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The end of Windows 7 is the real end of the PC era


steven36
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The certainties that Windows 7 embodied have long gone, and that's no bad thing.

 

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In just a couple of days Windows 7 finally goes out of support, which means no more bug fixes or updates for the millions who are still using the operating system, which first launched back in 2009.

 

In many respects the success of Windows 7 was the high water mark for the PC and for Windows. It has been much loved by PC users and admins in the past decade -- and not just for replacing its reviled predecessor, Windows Vista.

 

It's had plenty of staying power, too: Windows 7 users largely (and probably rightly) ignored Windows 8 when it appeared, and only with Windows 10 maturing (and old hardware giving up) has migration from the reliable and comfortable Windows 7 finally gathered pace.

 

But even with the clock ticking down towards the end of support, Windows 7 fans have proved stubborn. Although businesses have mostly made the move, there are still plenty of consumers hanging on to their old favourite.

 

My colleague Ed Bott has done some smart number crunching and reckons there are about 1.2 billion Windows PCs in use around the world, with somewhere around a billion running Windows 10 and most of the rest running Windows 7. As he notes, that means somewhere near 200 million PCs could soon be running out-of-date software, and any new security holes are unlikely to get fixed (unless you are willing to pay for extended support).

End of an era

The Windows 7 era coincided with the high point of the PC era, and the end of Windows 7 marks the end of the PC era, too.

 

When Windows 7 launched, the iPhone and its app store were around but were still novelties, while the iPad hadn't arrived yet. If you wanted to get work -- or pretty much anything -- done on a computer, you needed a PC.

 

Just over a decade later, the picture is much more complicated.

 

PC sales have been in decline for the last seven years; a slide which only ended with a small increase last year, largely because businesses needed to buy new PCs to run Windows 10, after bowing to the inevitable and upgrading.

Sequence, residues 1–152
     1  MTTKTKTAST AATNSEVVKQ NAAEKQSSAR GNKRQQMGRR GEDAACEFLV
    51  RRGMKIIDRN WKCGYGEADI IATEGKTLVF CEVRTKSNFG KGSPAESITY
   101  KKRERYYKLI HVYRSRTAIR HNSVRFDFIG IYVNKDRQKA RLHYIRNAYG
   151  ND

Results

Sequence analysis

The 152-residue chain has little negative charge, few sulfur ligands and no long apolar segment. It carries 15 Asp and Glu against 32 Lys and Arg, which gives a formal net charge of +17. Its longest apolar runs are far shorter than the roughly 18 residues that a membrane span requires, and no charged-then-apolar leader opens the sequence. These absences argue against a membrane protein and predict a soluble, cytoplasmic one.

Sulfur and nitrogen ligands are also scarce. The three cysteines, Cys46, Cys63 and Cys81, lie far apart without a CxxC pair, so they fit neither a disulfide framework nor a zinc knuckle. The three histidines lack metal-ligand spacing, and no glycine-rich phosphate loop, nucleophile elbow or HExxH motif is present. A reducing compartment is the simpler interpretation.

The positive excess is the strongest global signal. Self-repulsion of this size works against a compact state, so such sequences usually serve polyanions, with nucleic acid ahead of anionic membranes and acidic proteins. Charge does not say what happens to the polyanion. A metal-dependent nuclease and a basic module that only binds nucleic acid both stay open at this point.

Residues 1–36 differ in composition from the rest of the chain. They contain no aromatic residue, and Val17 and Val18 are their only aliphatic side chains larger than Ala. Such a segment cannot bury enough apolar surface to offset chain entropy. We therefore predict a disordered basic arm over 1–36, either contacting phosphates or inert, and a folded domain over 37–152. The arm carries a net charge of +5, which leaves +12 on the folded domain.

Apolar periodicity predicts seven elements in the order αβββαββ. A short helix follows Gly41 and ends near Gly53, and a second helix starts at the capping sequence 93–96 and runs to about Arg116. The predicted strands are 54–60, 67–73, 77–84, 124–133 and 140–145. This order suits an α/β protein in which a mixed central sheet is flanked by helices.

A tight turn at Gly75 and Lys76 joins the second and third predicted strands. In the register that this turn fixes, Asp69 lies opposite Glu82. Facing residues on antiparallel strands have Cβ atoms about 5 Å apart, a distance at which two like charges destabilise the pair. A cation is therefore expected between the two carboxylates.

In many scenarios and use cases the PC has been superseded by the smartphone, the tablet or digital assistants embodied in various other devices. And it's not just the PC -- Windows is no longer the defining product for Microsoft that it once was.

 

That's not to say the PC is dead, of course: I'm typing on one now, and it will remain the primary device I use to do my job for the foreseeable future. Many office and knowledge workers will feel the same.

 

But there are now plenty of other options: I could be using a tablet or dictating to my phone. I can't think the words onto the page, but even that's probably not too far away. And outside of work I barely touch a PC at all.

 

And even the definition of the PCs is getting blurry. PC makers have come up with a late burst of creativity that has delivered all manner of weird and occasionally wonderful new shapes and sizes.

 

Microsoft's Surface is a PC that looks a lot like a tablet; Lenovo's X1 Fold is a folding screen that can be a tablet, or a mini laptop or a desktop. Folding and detachable PCs are now mainstream. There is an optimism and a confidence around design that was lacking for a long time.

 

All of this is good, and long overdue. None of these innovations will mean the return of the PC's heyday, but they do suggest that, whatever operating system it runs, the PC will have a useful niche for years to come.